$9.7M for tools to improve forecasts of harmful space weather
Space weather predictions are neither accurate nor timely, and that leaves astronauts—as well as space probe and satellite operators—without enough time to react to dangerous particles flung out by the sun, which can arrive in as little as 30 minutes.
Now, NASA is providing $9.7 million to establish a Space Weather Center of Excellence at the University of Michigan, tasked with developing better forecasts.
Along with light, the sun is constantly sending a stream of charged particles at the Earth. When the sun has a major eruption, those particles become much more numerous and higher in energy—and more dangerous.
“Very high energy particles would have severe radiation effects on both astronauts and instruments,” said Lulu Zhao, the award recipient and an assistant research scientist in the Department of Climate and Space Sciences and Engineering.
“On Earth, the magnetic field deflects most of those energetic particles, but space instruments and astronauts traveling to the moon and Mars don’t have that protection,” she said.
The most dangerous torrents of particles could kill astronauts exposed during a spacewalk and damage the electronics on space instruments, which are impossible to fix. But the harm can be prevented if the astronauts stay inside and the instruments are switched off while the particles pass by.
When the stakes are that high, getting advanced notice of dangerous solar activity is mission critical. Zhao will lead an effort to provide that notice through the Center for All-Clear Solar Energetic Particle Forecast (CLEAR Center), with the help of Tamas Gombosi, a professor in the same department who will act as project manager.
The CLEAR Center will build tools that give space instrument operators and astronauts more advanced notice of harmful space weather in any given region of the solar system. While regional space weather forecasts can already be issued for locations on Earth, they have never been extended to the entire solar system before.
The new tool will provide forecasts “similar to the weather app on your phone,” Zhao said. “There, you have a prediction of extreme weather within the next several hours or even days. Our tool will produce a similar product for energetic particles emitted by the sun.”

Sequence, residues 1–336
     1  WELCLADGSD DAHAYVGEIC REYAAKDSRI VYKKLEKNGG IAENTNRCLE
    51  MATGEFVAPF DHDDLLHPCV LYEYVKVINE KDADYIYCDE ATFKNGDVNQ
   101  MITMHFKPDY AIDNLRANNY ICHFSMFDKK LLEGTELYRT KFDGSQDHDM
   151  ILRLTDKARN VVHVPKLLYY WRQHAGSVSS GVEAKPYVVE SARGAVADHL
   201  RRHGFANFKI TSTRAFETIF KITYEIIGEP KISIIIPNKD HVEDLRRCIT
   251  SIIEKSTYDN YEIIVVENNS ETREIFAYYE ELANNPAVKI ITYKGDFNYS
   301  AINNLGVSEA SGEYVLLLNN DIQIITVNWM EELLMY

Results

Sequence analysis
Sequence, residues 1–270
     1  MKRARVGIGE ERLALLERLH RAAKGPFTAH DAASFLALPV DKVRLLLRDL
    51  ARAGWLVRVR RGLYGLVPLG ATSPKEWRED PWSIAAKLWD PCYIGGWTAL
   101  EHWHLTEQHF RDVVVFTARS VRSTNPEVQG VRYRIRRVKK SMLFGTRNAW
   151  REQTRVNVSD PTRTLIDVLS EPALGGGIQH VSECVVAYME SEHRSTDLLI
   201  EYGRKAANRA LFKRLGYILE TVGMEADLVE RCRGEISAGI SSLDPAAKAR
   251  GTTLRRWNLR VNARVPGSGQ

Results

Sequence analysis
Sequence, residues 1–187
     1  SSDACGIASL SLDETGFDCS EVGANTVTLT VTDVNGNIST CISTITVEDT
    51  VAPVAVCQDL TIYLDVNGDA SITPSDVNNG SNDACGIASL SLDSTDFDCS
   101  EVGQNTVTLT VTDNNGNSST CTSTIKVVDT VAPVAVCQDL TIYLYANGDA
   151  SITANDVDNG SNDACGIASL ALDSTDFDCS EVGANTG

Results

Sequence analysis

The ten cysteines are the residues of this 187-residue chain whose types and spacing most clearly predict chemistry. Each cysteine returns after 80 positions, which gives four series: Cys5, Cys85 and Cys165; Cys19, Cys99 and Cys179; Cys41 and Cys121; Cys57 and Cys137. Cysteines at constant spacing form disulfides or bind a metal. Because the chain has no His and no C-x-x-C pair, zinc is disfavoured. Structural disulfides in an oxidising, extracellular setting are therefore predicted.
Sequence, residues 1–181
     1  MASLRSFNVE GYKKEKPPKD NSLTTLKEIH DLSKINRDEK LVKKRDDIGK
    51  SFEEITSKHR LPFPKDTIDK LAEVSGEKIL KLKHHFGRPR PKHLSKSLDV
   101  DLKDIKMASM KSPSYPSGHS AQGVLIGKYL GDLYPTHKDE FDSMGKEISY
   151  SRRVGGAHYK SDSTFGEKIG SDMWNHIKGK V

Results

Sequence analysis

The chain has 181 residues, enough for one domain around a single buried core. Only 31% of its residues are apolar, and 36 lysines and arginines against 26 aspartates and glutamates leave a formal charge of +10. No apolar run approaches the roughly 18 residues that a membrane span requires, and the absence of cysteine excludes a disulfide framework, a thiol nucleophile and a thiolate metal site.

The tool will issue alerts ahead of dangerous space weather along with 24-hour forecasts. In Zhao’s “best case scenario,” their improved forecasting tool will be ready in time for the Artemis mission’s lunar landing, which is scheduled to begin during a phase of heightened activity in the sun’s regular cycle.
That look into the future will come from a machine-learning algorithm that predicts what the sun’s surface will look like based on real-time images of the sun and how the sun has behaved in the past. That most probable image of the future sun will then be plugged into mathematical and physical models—which would otherwise be limited to current solar data—to calculate the amount of solar particles that any given region of space will experience.
The trick to making these predictions will be acquiring prior observations of solar activity and the corresponding impacts on space weather to train the computer. The current data is scattered among each individual spacecraft that measures solar energetic particles, and focusing on any one particular subset of the data could completely change how the tool forecasts space weather.
“We are all suffering from lacking a comprehensive dataset,” Zhao said.
To fill the gap, Zhao and Gombosi plan to compile all of the existing measurements of solar energetic particles and related data from the sun from around 20 different space instruments that have been collecting them since 1973. The team will also continue to collect new data with any operating instruments, such as the Parker Solar Probe and Solar Orbiter. The new dataset will not only train the machine-learning algorithms to predict our solar system’s space weather, but serve as a benchmark dataset for the entire scientific community to develop and validate space weather forecasting tools.
In addition to collecting a more comprehensive dataset, the CLEAR Center will improve space weather forecasts by improving their machine-learning algorithms and refining models of how the sun emits harmful radiation, Zhao said.
The grant is provided by NASA’s Space Weather Centers of Excellence program.